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What bedrooms can teach you about minimalist design

When we were looking to define minimalism for this blog post, we went to two experts on it: our own in-house design director Didier Pické (interviewed here on our blog!), and our multi-skilled brand manager, Gemma Powers. Here’s what Didier had to say:

"Minimalism means to put in evidence beautiful pieces of furniture or art, getting more space between the different elements, to make the entire look more light (feeling of free space). Reducing all the different objects, colours, feeling of an interior to the most simplistic essence and still getting a strong style showing character and personality." - Didier Pické

Read on to see how this translates to reality in real bedrooms that we think epitomise the teachings of minimalist design. You’ll be able to learn something from each one.

Minimalism: the art of less?

On the surface, minimalist design can appear like it’s ‘the art of less’. Less furniture, fewer decorative objects, less fun. But actually, that is rarely the case.

What’s more important than ‘less’ in minimalism is the idea of ‘simplicity’.

The essence of minimalist design lies in distilling an interior space back to its most simple and straightforward expression. It is about finding a way to make complex things simple.

Minimalism isn’t just about interior design though, but it can stop there if you want.

It has exploded online in recent years to include lifestyle choices, fashion choices…even eating.

Because of this, it can seem overwhelming - where do you start to apply minimalism to your interiors? The bedrooms we’ve found give clues and tips for even the most hesitant beginners.

Minimalist bedrooms to love and learn from

The wonderful thing about interior design styles is that they can be combined. Check out last week’s post on urban rustic design to get a taste of what we mean. You’ll see elements of other interior styles cropping up again and again in minimalist interiors, even in the examples we found below, but that is OK.

Just go with it: purity is overrated.

Bedroom 1: a minimalist bedroom with a Scandinavian twist

Fresh and inviting, the combination of white and pale wood in interiors is undoubtedly Scandinavian. It's also relatively easy to achieve.

Bedroom 2: working with colours is allowed!

Warm dove grey works well with the white walls of this bedroom interior, tied together here with the earthy, grounding tones of the wooden accent colours.

Bedroom 3: mixing mod and minimalism

The reclaimed wooden accents and the clean, bright white of this bedroom are complemented by a flat-weave rug with a really strong, modern pattern.

All of this hangs together beautifully because this bedroom has a single, unified focus (that eye-popping pattern) that makes it simple but eye-catching at the same time.

Bedroom 4: dreamy minimalism

Light, airy curtains diffuse the light in this minimalist bedroom, effortlessly creating a hazy glow that adds a certain dreaminess to this entire interior space. The lamp adds an interesting design touch that is allowed to shine, pardon the pun, because of the negative space around it.

Bedroom 5: why have loads of plants when you can have one perfect one?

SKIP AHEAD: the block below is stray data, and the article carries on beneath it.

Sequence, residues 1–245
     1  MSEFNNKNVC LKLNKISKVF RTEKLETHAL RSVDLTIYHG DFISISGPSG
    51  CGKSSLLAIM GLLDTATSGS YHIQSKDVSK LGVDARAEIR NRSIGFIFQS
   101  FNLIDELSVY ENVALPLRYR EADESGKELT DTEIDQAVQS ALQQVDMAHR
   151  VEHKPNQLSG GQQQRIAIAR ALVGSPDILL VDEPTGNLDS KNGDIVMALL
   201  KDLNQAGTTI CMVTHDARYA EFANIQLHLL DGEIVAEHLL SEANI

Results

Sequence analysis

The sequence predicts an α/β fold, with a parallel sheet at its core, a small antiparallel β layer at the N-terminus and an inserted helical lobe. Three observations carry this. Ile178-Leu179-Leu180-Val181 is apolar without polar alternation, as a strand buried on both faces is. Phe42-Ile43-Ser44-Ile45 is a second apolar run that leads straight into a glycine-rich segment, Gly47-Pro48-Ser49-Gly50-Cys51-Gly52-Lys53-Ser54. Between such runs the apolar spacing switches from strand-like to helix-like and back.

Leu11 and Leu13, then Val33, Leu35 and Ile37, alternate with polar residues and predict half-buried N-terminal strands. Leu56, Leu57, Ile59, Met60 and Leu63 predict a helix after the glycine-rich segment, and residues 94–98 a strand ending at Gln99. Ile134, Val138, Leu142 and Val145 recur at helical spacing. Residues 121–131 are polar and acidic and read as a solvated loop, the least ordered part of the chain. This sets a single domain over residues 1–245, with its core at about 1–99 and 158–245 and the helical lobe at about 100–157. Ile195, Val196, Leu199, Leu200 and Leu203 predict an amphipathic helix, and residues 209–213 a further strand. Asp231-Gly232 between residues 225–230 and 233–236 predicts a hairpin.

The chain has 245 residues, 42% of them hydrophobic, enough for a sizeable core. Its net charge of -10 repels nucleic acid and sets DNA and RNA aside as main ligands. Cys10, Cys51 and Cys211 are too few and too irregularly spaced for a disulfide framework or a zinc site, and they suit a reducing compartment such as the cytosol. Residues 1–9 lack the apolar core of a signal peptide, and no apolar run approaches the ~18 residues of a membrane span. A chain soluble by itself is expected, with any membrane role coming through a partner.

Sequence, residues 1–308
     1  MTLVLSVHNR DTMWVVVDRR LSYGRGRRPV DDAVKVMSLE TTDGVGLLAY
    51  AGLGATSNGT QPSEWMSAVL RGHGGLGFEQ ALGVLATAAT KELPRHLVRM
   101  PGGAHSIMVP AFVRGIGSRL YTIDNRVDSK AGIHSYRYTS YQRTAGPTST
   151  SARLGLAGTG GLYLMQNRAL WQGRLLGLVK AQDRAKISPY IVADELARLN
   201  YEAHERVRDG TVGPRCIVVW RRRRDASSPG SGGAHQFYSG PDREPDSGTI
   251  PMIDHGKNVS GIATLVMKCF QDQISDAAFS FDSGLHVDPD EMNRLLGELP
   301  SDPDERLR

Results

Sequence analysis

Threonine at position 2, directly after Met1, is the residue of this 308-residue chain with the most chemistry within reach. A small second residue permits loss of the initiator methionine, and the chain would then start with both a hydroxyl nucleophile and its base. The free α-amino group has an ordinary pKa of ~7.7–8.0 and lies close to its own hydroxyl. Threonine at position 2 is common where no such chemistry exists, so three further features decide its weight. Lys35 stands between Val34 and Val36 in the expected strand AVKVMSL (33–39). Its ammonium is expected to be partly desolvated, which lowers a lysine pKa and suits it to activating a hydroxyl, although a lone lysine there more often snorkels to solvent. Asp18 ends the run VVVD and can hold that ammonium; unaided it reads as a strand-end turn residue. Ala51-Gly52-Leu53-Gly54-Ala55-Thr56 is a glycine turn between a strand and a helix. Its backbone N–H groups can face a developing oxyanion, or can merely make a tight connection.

Pairing tones and adding in a single plant can really make the room pop against the otherwise-flat-looking white décor.

Simple interior design never has to be boring

Minimalism is an approach to design where the elements of the structure are simplified to their essential components. Minimalist design, as you’ve seen in our bedroom Pinterest finds, thrives on the beauty of form and function. Light, form and materials used are essential for minimalist interior decoration to work.

This is actually what we do with our fabrics: nothing in their construction is there that doesn’t need to be, and they’ve been designed from the onset to be simple but in no way boring. The craft of their construction is incredibly important to FibreGuard as a whole, because when the fabrics are in their final, approved FibreGuard stage, there’s no room to add fluff or trimmings to cover any mistakes.

We’ll end this post with Gemma Power’s thoughts on minimalism and what this means for FibreGuard:

"Minimalist interior design for me is clean and contemporary. Clutter-free with clean lines, using colour palettes that gently transition into one another. 'Minimalist' does not mean 'cold'. Combining the right materials, textures and surfaces will ensure the interior is warm and inviting.

Finishing touches of carefully curated accessories and homeware give an essential personal touch. FibreGuard offers the full range of interior furnishing fabrics, and anyone of our FibreGuard fabrics can be a key part of a Minimalist interior. The team behind FibreGuard are experts in creating tactile fabrics with gorgeous texture and softness – these are the ideal fabrics to inject a sense of warmth and homeliness into a Minimalist space." - Gemma Powers, brand manager. Check out Running a textile brand– A chat with Gemma Powers, multi-skilled brand manager

If you’re interested in learning more about different decor styles, check us out on Instagram! Also, take a look at our sustainability committment, to learn more about our dedication to a better future for our people and our planet.

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